The experience was fun, great views, nice scenery and good climbs. It all came down pronto when I had to go into a singletrack grade 2 hill and lost any ability to coordinate the descend. I overshoot one corner, slipped and hit my privates with the bike’s seat. Then I got too tense to even try and keep a good balance. Hated it for some time.
I went a bit more comfortable on round 2, but still not OK.

Then it was time for me to park the bike, and follow my make while he went for a couple of more shots. I could run the same speed up and down the technical descents, so overall it was still very good training.
But not my thing.

What’s different?
I just couldn’t see the point on purposely putting myself in danger of falling over trees or roots to go down a hill and not even going fast or going point to point. I’m unsure about the fitness or bike-specific gains for me.

It felt a bit of a pointless exercise.

But hang on a minute?
What about bike or running hill reps?
Or swimming up and down a 25m pool 150 times three times a week?
Or running like a madman for 5km down a hill to a point where stopping is not guaranteed?
Or waking up and going to work every day to have money to pay the bills to continue to live to go to work everyday to have money to pay the bills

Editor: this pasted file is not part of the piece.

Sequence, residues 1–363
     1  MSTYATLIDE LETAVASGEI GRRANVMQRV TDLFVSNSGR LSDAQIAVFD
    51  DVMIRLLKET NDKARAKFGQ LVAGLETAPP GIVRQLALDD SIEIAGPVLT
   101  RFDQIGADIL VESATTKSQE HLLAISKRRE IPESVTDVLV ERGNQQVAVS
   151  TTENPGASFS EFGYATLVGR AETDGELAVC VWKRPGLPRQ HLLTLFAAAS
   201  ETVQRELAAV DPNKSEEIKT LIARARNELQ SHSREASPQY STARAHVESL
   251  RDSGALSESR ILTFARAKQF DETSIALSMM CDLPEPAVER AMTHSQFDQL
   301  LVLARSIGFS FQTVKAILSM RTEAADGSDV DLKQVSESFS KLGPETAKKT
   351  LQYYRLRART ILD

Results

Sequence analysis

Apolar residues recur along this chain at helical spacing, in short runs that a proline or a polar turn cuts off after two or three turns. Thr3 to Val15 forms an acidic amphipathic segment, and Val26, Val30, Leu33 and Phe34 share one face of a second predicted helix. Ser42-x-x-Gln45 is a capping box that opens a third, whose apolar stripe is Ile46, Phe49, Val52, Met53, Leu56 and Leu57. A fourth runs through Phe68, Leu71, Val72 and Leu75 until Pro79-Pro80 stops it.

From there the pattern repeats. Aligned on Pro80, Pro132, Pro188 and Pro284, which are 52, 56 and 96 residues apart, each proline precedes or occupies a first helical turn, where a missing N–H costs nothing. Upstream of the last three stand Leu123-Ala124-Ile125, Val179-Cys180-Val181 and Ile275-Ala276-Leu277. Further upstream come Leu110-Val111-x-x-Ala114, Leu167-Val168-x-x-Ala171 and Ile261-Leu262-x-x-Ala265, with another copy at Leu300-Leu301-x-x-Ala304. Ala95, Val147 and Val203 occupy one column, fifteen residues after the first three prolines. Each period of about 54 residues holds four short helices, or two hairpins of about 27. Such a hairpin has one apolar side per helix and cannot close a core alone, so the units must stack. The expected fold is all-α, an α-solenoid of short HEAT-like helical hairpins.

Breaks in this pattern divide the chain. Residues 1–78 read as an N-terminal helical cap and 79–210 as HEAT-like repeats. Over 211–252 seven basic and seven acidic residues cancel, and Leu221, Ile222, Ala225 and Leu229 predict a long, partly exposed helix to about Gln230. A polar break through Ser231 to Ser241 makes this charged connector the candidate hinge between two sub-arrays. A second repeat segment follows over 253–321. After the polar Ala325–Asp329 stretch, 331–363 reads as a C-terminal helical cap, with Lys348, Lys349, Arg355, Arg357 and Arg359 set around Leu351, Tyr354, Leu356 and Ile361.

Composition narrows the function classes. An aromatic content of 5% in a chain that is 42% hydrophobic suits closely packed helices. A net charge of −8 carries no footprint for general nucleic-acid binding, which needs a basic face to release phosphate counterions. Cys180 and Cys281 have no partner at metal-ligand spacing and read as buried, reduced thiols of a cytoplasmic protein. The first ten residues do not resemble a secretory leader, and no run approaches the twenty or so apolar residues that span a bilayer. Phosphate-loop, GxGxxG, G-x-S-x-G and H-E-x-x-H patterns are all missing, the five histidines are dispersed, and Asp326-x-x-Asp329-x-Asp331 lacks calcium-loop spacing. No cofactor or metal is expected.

It is another case of “a matter of perspective”.
This is how I felt

This is what I wouldn't mind

Moral of the story for me?
Always try something new, but don’t stick to it if you don’t like it.
And moral number 2:
Close the ‘new hobbies’ account for a few months and get great marks at Uni.

A few days on the mountain should come handy. Stay dry out there

Monday, April 15, 2013

One year un-coached

It was about 1 year ago that I moved from being a coached triathlete. I realized that the old “crap in/crap out” saying was catching up on me. I wasn’t able to get all the bang I wanted from my buck, basically because I didnt have the time to fit in the workouts. The result was that I still had a swim squad which I go and a run squad that I aim to go as much as I can. I play around in the middle filling spaces here and there according to what events are up and coming.

After a year, there’s a few pro’s and cons that I’d like to share:

The half empty version:

There’s a perception of loss. May be top-end run speed, or race ability or something. I guess this is caused by the big void of not having a programme that comes to you. You are the programme and have to keep on your toes otherwise there’s plenty of room for distraction.